Pin Wei looked out over the patrons in the crowded tavern as he walked out onto the small stage and sniffed in irritation. Mercenary riffraff and barbarians. This lot looked even rougher than the ones from the night before. He quickly tuned his lute then launched into the opening song of a Lugensian opera famous in the East. Only one old man seemed to be listening, the rest only showed their awareness of his music by raising their voices to be heard above it.
When Pin Wei finished his fifth song he paused to take a sip of the watered wine he kept near him while he performed. Tonight he found himself wishing there was considerably less water in it. He glanced around the tavern again. The seam-faced barbarian was still the only one watching him, and he found the old man’s stare unnerving. He’d played before princes and generals, he’d played in the largest theatres and opera houses the empires of the East had to offer, he’d played before crowds numbering in the thousands, and his stomach had never curled into knots the way it did before the gaze of this old man. He took another sip of his wine and launched into The Lay of the Hawk, a ballad that he’d learned in his youth about the destruction of the D’nuran Empire by barbarian hordes.
“It was the ending of the third age,” he sang. “Valiant Nieblungr still ruled Grathbol and the Empire of D’nur was at its height.” He frowned as the serving girl, her hands full of mugs, was greeted by a cheer from the men at the table near the hearth. He let his fingers work an extra arpeggio out of the lute, gathered his thoughts, closed his eyes, and continued. “Out of the dark west came the man they called the Reaper, scythe-bearer, black-clad and dark-skinned. And at his back rode all the hordes of Tarsith, blood-soaked, sharp-fanged, cannibal warriors from beyond the world’s end.”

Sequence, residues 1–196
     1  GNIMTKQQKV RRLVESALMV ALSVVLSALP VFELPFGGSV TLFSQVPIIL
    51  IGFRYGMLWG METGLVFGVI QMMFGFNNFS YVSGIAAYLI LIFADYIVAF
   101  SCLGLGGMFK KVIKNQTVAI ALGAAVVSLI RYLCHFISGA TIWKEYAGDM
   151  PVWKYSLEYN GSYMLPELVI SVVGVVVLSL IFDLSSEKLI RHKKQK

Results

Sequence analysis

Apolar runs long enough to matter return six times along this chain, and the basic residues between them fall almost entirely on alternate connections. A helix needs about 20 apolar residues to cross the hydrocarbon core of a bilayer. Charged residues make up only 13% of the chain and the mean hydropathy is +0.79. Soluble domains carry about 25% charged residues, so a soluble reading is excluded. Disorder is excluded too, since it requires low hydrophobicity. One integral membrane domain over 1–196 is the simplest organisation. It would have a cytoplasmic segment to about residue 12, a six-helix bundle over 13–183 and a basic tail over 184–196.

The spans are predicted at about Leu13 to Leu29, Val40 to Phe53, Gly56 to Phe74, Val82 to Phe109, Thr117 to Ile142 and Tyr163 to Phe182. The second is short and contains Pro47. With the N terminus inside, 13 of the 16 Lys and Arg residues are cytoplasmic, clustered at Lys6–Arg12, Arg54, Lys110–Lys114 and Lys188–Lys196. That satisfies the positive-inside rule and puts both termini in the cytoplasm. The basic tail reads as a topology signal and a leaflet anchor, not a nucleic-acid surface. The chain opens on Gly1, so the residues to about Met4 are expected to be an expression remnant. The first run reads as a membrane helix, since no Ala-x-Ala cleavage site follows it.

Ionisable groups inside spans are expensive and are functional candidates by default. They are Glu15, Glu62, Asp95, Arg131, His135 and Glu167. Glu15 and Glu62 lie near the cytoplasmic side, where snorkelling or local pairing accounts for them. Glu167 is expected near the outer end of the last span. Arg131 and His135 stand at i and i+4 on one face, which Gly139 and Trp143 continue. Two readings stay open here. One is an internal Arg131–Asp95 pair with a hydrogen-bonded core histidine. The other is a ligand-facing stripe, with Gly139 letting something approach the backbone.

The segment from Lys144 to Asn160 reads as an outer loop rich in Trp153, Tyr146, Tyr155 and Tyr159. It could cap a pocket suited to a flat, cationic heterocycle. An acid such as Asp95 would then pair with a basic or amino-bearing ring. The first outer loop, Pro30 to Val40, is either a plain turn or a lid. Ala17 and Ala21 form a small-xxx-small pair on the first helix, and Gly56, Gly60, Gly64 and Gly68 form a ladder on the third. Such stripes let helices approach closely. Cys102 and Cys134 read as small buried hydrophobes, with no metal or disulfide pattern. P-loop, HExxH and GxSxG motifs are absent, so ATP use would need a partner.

Pin Wei opened his eyes. All the mercenaries were staring at him, while a lot of the other patrons were staring at the old barbarian. Habit kept his fingers moving. “The Reaper’s horde,” he sang, “aided by treachery and assassin’s guile —.”
There was a rumble of discontent from the men near the fire as those words fell from his lips.
“— swept across the borders of D’nur pillaging and burning as they came until they washed up upon the mighty fortress of D’vo, the Imperial City, famous for its golden spires and pearl-lined streets.”
“Ye’re full of shit!” It was the old barbarian. “Th’ only thing D’vo were ever famous fer were its battle pits. Get th’ damn story straight or sing someought else!”
Pin Wei stopped strumming and glared at the old man, a look that had quelled more than one fight. “And what would an illiterate fool like you know of D’vo?”
“A good sight more ’n ye do. Tis as clear as th’ nose on yer face that ye’ve ne’er e’en seen D’vo.”
“What would you know of what I’ve seen?” The accusation smarted, mostly because it was true. “I’ve been places you’ve never even dreamed of!”
The old man snorted. “I doubt that, boy, but tha’s neither here nor there. Are ye gonna start singin’ a different song or am I gonna hafta get up there an’ teach one ta ye?” The old man’s left hand was casually resting on the hilt of a long knife and his eyes were cold.
A large man in well-worn mail called out, “Shut up and let the lad sing whatever he wants. We don’t need barbarians like you telling us what music we can listen to.”
“Are ye objectin’ to me request then, friend?”
Everyone at the barbarian’s table fell silent.
“I’m not your friend, Barbarian, and damn straight I’m objecting to your request!”
The old man smiled. “Wonderful. Let’s take our discussion outside.” He stood and turned for the door, then paused. “Unless ye’ve th’ coin ta pay th’ tavern master fer th’ damages?” He raised an eyebrow questioningly.